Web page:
What are the top 10 concerns patients want addressing to improve outpatients appointments and how can the NHS support these?

Published: 07 May 2024

This latest PSP report, on Outpatient Service Delivery focuses on identifying and outlining the top priorities for research and development in outpatient services, emphasising the need for patient-centred approaches and the integration of technology to improve healthcare outcomes. Here Caroline Hing, Clinical Director for Outpatients at St George’s Hospital reflects on the experience and report as one of the key partners in the work.

The current challenges faced by outpatient services are well known to clinicians and patients: the need for greater accessibility, reduction of wait times, and the improvement of patient experiences. For me one of the drivers for this work was the agreement from all of us on the importance of involving patients, caregivers, healthcare professionals, administrative staff and managerial staff in the decision-making process to ensure that the services provided meet the actual needs of those they are intended to help.

One of the key findings from the report is the identification of the ten top priorities for outpatient service delivery research. These priorities range from the development of effective communication strategies to ensure that patients are fully informed about their treatments, to the exploration of digital health technologies to support remote monitoring and consultations. There is a strong emphasis on the need for research into the efficiency of outpatient services, with suggestions for exploring new models of care that could offer more personalised and flexible options for patients.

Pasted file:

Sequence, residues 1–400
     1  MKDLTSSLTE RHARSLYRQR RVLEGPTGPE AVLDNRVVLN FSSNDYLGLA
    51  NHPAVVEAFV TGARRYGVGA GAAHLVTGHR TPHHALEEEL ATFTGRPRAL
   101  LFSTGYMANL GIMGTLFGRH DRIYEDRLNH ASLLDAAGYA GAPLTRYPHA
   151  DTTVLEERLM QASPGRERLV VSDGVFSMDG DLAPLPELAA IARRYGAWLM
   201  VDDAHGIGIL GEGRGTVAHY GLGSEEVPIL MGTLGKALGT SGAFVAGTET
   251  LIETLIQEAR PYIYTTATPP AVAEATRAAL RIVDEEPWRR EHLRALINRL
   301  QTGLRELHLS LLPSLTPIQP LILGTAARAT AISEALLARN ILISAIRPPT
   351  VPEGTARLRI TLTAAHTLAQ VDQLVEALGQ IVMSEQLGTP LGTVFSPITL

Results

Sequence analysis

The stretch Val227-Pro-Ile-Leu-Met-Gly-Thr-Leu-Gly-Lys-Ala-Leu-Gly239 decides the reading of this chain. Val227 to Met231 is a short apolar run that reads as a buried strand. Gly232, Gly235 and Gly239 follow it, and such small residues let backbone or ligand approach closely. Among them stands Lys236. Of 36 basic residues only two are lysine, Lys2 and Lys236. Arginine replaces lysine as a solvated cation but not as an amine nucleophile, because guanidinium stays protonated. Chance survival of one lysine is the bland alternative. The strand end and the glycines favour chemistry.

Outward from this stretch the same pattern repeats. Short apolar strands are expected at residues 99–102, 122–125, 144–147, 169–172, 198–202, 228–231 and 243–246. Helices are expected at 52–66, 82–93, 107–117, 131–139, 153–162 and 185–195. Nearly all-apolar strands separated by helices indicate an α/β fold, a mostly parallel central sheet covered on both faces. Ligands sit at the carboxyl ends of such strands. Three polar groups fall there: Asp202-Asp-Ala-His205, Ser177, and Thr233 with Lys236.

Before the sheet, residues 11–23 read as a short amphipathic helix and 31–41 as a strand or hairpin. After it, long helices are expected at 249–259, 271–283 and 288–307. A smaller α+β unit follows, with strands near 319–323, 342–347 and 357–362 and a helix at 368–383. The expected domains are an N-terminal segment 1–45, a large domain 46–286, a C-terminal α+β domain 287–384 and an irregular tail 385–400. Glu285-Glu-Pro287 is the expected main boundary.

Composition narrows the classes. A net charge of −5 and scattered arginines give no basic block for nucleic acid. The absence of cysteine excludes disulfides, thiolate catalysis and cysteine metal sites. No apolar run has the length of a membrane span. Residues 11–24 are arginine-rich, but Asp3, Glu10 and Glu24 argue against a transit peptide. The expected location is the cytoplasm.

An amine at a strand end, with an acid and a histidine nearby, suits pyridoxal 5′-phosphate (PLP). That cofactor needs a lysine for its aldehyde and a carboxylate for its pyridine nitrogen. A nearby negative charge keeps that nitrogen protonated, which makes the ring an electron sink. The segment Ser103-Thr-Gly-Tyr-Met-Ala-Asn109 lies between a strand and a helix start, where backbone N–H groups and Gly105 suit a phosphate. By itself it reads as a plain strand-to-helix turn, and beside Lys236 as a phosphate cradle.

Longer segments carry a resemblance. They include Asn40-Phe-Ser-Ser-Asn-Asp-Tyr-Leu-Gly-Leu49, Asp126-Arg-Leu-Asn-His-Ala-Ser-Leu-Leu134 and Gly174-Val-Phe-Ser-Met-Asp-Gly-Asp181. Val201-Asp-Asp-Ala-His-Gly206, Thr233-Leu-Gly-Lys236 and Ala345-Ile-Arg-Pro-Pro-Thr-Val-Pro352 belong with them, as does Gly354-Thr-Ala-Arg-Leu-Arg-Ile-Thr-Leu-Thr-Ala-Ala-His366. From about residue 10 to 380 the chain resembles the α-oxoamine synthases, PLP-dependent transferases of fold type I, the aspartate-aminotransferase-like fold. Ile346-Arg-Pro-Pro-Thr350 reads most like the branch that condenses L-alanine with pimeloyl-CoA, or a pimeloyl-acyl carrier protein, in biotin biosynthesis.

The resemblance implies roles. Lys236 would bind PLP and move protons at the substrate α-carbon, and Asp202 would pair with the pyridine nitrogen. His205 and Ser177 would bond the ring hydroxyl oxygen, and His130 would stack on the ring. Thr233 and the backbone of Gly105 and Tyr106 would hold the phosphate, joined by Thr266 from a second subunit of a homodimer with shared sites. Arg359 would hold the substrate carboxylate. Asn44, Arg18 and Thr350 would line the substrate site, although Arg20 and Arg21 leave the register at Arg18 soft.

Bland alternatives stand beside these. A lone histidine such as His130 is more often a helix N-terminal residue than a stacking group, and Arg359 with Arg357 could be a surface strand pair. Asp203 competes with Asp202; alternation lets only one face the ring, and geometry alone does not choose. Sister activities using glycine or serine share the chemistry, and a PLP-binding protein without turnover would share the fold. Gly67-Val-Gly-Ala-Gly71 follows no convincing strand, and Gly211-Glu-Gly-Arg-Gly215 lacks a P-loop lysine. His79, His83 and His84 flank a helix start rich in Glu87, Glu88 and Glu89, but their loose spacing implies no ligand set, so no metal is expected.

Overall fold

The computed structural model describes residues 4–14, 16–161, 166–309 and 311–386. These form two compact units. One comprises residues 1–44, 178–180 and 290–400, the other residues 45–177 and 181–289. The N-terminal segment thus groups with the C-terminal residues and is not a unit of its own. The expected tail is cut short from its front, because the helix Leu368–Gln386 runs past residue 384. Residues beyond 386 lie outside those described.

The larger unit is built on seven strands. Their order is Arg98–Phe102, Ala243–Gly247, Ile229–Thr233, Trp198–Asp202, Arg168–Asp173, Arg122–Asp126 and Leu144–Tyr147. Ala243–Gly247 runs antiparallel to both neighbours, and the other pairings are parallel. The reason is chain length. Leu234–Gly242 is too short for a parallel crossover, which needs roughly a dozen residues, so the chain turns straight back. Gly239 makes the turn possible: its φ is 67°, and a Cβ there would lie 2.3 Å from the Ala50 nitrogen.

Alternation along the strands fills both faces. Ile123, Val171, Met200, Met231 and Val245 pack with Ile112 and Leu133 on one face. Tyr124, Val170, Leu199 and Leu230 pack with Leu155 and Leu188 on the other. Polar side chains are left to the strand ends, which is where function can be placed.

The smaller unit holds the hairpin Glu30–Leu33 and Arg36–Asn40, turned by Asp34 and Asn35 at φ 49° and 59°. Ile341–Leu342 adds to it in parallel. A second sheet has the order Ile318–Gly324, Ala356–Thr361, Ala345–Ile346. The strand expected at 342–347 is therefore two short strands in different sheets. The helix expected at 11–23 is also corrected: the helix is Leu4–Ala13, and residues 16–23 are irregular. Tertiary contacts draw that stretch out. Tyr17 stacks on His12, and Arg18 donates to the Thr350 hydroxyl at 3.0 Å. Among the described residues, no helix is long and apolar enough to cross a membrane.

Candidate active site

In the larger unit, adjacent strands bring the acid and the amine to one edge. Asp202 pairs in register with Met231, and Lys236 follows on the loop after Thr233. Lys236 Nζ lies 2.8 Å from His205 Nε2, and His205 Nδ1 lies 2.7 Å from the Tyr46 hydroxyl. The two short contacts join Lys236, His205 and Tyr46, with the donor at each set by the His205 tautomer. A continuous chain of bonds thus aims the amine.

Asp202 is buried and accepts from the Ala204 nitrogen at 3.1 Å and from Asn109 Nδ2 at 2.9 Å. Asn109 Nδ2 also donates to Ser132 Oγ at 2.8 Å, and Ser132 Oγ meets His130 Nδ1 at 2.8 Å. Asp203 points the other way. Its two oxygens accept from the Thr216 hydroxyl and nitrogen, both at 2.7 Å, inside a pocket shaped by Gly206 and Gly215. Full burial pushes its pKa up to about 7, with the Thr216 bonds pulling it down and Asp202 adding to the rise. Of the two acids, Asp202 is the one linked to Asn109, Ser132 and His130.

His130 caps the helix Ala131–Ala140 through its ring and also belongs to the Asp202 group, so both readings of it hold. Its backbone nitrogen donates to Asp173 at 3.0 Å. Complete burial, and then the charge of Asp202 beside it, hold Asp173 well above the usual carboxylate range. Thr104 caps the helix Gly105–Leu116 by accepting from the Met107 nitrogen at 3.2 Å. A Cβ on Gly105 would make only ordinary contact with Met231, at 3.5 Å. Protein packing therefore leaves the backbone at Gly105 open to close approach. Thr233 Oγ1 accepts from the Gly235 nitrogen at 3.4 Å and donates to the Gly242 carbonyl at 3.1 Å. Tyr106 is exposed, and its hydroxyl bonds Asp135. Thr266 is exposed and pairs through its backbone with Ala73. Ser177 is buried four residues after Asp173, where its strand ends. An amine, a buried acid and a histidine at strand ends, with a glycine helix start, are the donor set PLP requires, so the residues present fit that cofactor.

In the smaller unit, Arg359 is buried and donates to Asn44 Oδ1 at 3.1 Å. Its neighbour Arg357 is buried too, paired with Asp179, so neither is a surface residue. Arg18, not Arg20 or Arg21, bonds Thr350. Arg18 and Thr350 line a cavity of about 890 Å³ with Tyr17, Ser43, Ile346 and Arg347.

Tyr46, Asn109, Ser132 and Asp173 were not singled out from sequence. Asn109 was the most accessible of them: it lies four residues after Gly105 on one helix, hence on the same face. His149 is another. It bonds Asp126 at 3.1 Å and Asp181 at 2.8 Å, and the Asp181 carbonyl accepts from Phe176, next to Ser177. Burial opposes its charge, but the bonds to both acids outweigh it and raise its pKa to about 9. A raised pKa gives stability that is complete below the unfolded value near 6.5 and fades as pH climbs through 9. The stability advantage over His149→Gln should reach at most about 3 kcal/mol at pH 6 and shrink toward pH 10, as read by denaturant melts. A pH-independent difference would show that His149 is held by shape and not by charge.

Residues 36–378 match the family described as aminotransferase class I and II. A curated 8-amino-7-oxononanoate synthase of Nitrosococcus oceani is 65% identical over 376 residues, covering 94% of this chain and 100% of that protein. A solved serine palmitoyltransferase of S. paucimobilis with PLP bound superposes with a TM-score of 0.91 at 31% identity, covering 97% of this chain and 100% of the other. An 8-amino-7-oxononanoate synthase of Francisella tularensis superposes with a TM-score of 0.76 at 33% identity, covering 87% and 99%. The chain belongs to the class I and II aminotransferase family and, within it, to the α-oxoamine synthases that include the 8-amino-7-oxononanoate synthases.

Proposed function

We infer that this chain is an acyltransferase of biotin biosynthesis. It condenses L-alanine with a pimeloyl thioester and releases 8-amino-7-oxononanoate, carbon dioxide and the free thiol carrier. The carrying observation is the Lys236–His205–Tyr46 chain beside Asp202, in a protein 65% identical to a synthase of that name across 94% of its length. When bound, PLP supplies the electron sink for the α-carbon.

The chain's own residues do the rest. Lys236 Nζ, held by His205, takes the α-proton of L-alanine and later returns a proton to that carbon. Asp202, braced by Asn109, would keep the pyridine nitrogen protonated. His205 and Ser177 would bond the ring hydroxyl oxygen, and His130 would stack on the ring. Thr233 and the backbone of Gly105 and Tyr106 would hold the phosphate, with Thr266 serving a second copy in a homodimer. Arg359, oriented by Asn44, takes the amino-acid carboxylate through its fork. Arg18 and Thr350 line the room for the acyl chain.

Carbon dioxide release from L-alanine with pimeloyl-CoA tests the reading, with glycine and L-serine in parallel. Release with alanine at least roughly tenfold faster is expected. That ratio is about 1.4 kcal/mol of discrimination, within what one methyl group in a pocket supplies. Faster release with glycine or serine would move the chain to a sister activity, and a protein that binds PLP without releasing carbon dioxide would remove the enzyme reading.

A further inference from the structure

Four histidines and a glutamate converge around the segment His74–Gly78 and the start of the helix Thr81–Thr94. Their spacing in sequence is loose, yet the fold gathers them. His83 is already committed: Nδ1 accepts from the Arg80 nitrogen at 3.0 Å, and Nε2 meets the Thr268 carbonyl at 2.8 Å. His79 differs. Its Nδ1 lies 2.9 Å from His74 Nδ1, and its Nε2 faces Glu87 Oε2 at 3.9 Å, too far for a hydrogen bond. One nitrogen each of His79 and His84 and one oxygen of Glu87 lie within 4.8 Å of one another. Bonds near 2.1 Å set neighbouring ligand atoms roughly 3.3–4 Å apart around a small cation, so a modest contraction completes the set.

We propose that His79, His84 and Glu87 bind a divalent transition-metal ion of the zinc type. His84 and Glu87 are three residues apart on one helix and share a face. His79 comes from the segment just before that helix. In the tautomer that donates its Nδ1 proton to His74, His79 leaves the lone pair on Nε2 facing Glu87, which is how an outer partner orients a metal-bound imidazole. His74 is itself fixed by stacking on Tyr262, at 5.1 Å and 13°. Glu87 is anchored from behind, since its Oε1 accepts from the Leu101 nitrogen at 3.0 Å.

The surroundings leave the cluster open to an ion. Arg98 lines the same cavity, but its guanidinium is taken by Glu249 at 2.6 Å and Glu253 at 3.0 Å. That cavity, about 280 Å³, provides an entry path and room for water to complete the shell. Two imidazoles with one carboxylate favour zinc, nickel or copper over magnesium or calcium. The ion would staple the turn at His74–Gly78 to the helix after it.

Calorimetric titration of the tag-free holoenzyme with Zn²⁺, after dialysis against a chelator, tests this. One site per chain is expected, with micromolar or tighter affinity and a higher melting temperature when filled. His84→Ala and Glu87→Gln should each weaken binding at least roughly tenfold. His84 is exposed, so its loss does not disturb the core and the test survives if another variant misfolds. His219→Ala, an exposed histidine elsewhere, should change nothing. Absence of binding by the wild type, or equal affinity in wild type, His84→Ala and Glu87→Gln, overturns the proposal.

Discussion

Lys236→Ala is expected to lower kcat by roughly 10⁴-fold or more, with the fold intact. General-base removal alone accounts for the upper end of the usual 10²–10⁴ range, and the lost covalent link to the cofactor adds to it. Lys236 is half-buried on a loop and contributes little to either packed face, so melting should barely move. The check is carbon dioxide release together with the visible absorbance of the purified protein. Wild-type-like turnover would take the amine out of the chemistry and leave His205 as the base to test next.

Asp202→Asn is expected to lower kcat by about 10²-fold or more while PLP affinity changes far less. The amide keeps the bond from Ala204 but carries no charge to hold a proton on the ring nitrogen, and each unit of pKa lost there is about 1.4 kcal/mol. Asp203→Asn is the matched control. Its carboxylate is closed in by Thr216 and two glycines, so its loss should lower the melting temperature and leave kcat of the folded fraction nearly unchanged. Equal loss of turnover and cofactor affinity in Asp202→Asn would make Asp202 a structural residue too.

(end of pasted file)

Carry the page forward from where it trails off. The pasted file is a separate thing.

Digital innovation is also highlighted with its potential for transforming outpatient services, specifically through telehealth and mobile health applications which could have a significant role in making healthcare more accessible and efficient. However, we also noted the importance of addressing digital literacy and ensuring that these technologies are inclusive and accessible to all patients.

Another significant aspect that came out from the work was workforce. In the report we call for research into the skills and training needed for healthcare professionals to deliver high-quality outpatient care in this rapidly evolving environment. This includes the need for ongoing education in digital health technologies and patient-centred care approaches.

I’m proud of the work we have done and hope that others find our report provides a valuable roadmap for the future of outpatient services. By prioritising patient-centred care, digital innovation, and workforce development, it lays the groundwork for a more efficient, accessible, and effective healthcare system, not just for those in South West London but nationally.

Thanks to the Health Innovation Network South London for updating us with this blog.

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